Propelled by their string of successes abroad, Erez and Rousso started working on Erez’s second album. They finished it in 2019 and planned to tour it in the United States with a number of big festival dates, but then COVID-19 struck, the couple stayed at home in Israel, and, instead of touring, reopened the mixes of the second album to continue refining it. Rather than viewing the pandemic as a setback, they were actually grateful for the extra time. Instead of promoting her new album on the road—as musicians usually do—Erez did so with two livestreamed shows, full of dancers, at the beginning of April. Now that the COVID situation is calming down a bit, she is finally embarking on her KIDS world tour with 47 live dates scheduled across Europe and the U.S., including her U.S. festival debut at Chicago’s Lollapalooza on Aug. 1.
If you don’t know Noga Erez, she’s easy to recognize. Her signature look du jour includes a messy bun and bangs and a chic pantsuit. Sometimes the suits are well-fitted, other times they are comically oversized, reminiscent of David Byrne in Talking Heads’ Stop Making Sense concert film. On the cover of the Kids album, she sits cross-legged on the floor in her enormous suit jacket.
Erez is unapologetically ambitious. She takes herself very seriously, never smiling in videos (the new album is peppered with soundbites of Noga’s mother, one of which is her telling her daughter that she needs to smile more). I might have detected a cynical smirk in one of her videos, but generally, she opts for a distant icy stare. She oozes cool confident swagger and defiance, which is useful, considering her unabashed pretension in tackling the big issues.
“These are songs about what we inherit from past generations, how we pass things on,” Erez explains on her label’s website. “How this game of evolution of our culture and humanity is very much in our hands. We were all somewhat a blank page at some point. Kids talks about humanity’s potential for both beauty and destruction.” Her label doesn’t seem to feel uneasy about Noga’s lofty artistic aims, either, bluntly stating on its website that her lyrics deal with “the personal and the political; mortality and loss; war and peace, insecurity and ambition.”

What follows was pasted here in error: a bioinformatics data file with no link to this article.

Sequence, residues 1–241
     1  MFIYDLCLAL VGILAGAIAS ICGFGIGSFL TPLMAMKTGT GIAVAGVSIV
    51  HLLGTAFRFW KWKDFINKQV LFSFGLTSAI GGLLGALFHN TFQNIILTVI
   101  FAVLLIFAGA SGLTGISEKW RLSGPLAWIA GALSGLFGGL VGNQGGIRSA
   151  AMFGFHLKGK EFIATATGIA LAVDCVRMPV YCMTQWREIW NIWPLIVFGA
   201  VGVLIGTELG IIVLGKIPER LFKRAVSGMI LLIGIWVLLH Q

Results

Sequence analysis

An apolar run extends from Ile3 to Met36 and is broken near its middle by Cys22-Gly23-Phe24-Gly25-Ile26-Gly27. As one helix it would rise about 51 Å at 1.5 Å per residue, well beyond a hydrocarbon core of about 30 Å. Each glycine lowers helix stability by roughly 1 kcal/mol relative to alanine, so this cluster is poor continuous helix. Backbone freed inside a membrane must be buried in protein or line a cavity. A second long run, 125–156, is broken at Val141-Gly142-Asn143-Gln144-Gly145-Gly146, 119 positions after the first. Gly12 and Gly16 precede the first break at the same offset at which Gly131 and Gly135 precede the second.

Like many artists of her generation, Erez tries her hand at contemporary social critique, for instance discussing the trend of buying likes on social media ("Views”). Alongside lyrics about universal themes, she also touches on Israeli issues in some of her songs. She doesn’t shy away from discussing the ongoing conflict in her home country, in songs as well as in interviews. The new album’s theme song, as well as the song “Fire Kites,” address the Israeli-Palestinian conflict. Erez is vehemently against the occupation, and “Fire Kites,” which references the incendiary kites flown by Palestinians into Israel during the 2018 Gaza border protests, more than hints at her belief in an imbalance between the two sides of the conflict.
Perhaps what makes Noga Erez different from previous Israeli musicians who found success abroad is her matter-of-factness about her identity. On one hand, there is nothing Israeli about her music, her sound, or her look—she’s as international, contemporary, and hipsterish as they come. She doesn’t “sell” exotica or Middle Eastern chic. On the other hand, she doesn’t try to hide her identity either, and when she has something to say about the reality in her home country, she writes a song about it.
In theory, Erez’s situation should be a tricky one. On paper, some people outside of Israel might not like her because she is from Israel, while some people in Israel might hate her for not participating in pro-Israeli propaganda abroad, thus violating the famous dictat from Israel’s former Minister of Culture Miri Regev, who thought that Israeli artists should be loyal to Israel no matter what. Lucky for Erez’s career, though she might not agree, the bottom line is that most people don’t listen that carefully to lyrics and don’t know or care about her politics. Audiences simply like her catchy tunes, and the fact that she looks really good in a suit.
Dana Kessler has written for Maariv, Haaretz, Yediot Aharonot, and other Israeli publications. She is based in Tel Aviv.